A confidential report detailing how minors were abused by rogue teachers at a primary school in the Eastern Cape is gathering dust at the provincial headquarters because authorities have taken no action – seven months after it was finalised.
The report, which also lifts the lid on the role of unions in influencing decision-making in education, was submitted to provincial authorities by the Rapid Response Investigations hired by the Eastern Cape education department in April to probe the challenges at Bhisho Primary.
The 127-page report was compiled by L I van der Vyver of Rapid Response Investigations, and included statements from parents that minors were caned, used by teachers and parents to advance their interests, deprived of participating in extramural activities due to divisions among staff and were emotionally and physically abused.
City Press has learnt that for years, children between the ages of 7 and 13 were victims of a power struggle that has polarised the majority of teaching staff and school principal Velelo Kalipa, who was placed on special leave during the investigation.
An administrator has been appointed in the interim.
Populated by children of state employees who work in and around Bhisho, the school has more than 1300 minors, 37 teachers and a budget of at least R170 000.
No action has been taken by authorities on damning recommendations by investigators that called for:
» The removal of rogue teachers from the school;
» The decrease of the number of pupils to avoid overcrowding;
» The election of a school governing body – elections were disputed last year;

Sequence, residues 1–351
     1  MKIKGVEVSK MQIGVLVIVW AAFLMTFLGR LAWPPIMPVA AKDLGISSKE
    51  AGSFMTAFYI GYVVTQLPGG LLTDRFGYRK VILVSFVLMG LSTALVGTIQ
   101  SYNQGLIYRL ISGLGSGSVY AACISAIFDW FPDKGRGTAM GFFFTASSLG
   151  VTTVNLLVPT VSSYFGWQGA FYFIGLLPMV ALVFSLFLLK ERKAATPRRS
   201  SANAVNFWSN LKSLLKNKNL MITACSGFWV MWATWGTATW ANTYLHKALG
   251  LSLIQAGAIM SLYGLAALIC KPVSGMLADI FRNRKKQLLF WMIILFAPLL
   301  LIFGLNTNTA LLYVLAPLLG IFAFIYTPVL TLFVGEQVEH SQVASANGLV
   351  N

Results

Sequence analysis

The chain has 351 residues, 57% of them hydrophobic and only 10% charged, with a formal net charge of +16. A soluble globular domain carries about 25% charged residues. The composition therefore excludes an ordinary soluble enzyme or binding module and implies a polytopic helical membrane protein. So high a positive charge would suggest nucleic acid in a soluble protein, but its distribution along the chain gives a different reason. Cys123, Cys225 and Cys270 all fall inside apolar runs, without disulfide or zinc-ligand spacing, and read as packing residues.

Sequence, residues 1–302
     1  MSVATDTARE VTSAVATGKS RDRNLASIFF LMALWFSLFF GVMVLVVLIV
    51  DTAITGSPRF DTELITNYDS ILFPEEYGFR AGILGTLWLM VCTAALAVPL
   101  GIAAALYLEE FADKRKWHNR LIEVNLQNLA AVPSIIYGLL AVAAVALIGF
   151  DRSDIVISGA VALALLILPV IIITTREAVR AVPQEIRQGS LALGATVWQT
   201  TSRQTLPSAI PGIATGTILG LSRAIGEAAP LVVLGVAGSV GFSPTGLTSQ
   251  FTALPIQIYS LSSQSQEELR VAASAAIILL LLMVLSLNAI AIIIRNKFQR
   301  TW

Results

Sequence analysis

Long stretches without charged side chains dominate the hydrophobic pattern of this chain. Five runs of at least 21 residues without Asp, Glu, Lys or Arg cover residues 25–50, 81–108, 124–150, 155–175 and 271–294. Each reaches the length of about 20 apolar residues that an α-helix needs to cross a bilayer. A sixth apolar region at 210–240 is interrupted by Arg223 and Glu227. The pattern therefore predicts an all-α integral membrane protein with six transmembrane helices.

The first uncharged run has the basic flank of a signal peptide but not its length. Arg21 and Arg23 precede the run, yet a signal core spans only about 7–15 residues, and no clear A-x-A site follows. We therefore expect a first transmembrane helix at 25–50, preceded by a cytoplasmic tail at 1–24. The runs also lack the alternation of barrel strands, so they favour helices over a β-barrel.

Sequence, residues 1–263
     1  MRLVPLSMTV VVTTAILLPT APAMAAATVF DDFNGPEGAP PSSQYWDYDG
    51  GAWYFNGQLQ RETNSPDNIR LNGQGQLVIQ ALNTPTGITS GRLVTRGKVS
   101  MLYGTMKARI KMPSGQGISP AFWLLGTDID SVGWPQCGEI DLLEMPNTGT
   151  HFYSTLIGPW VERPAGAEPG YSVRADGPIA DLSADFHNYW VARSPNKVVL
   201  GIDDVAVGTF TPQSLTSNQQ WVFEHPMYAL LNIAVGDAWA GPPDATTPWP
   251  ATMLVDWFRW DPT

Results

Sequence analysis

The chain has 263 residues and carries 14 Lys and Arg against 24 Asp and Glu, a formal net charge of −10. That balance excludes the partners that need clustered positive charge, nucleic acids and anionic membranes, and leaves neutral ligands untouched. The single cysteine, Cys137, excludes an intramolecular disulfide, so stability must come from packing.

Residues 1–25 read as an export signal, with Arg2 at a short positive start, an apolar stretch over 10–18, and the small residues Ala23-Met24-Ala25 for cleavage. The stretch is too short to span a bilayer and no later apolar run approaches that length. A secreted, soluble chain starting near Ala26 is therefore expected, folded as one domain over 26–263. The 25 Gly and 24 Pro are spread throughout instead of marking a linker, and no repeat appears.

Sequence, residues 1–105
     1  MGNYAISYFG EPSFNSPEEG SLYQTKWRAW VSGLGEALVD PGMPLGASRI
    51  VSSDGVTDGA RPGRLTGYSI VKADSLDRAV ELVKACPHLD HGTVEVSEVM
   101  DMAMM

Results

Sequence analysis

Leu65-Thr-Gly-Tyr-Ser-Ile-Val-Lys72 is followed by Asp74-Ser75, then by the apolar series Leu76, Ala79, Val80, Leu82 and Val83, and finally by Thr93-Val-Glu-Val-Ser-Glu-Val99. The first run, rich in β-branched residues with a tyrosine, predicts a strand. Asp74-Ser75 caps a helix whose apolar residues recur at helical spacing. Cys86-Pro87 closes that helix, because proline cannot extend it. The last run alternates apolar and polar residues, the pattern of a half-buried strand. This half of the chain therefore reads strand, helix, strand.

» The appointment of forensic investigators to probe the misuse of school funds; and
» The punishing of officials who failed to act on parents’ grievances.
Van der Vyver said problems at the school have been in existence since 1989, but the wheels came off during governing body elections last year.
The elections were disputed because teachers used minors to canvass for their preferred parents.
Since then there has not been a governing body.
A group of teachers embarked on sit-ins and stayed away from work for about 10 months, only reporting to the district office in King William’s Town.
Teachers only returned to school when the South African Democratic Teacher’s Union (Sadtu) intervened, the report stated.
Van der Vyver said some teachers indicated that they had only joined the union for “protection” against any disciplinary charges to be instituted against them by the department.
Pupils could not get progress reports in the early two terms of this year, the report stated.
Tours for extramural activities were sometimes cancelled at the last minute and at times police were called when teachers fought, in front of pupils, over who would be going with children.
Van der Vyver said in the report: “The unionisation of school governance with a significant Sadtu influence favouring the interests of educators at the expense of the constitutional rights of the learners has harmed the teaching and learning programme to the detriment of the learners.
“There is a strong prevailing view that Sadtu is untouchable and feared by the department of education’s leadership and therefore delinquent educators can feel secure within its ranks because they will be protected from consequences of misconduct or unprofessional behaviour,” the report stated.
Concerned parents formed a task team last year to establish what was happening at the school. But their report was not acted on by officials.
Parents warned investigators that the department may decide not to act on its recommendations.
“The task team went to the MEC [Mandla Makupula] because the district had not responded. They trust that the current investigation’s findings would be responded to by the department in prompt fashion because children are suffering.”
The task team submitted their report to investigators, which contained shocking findings.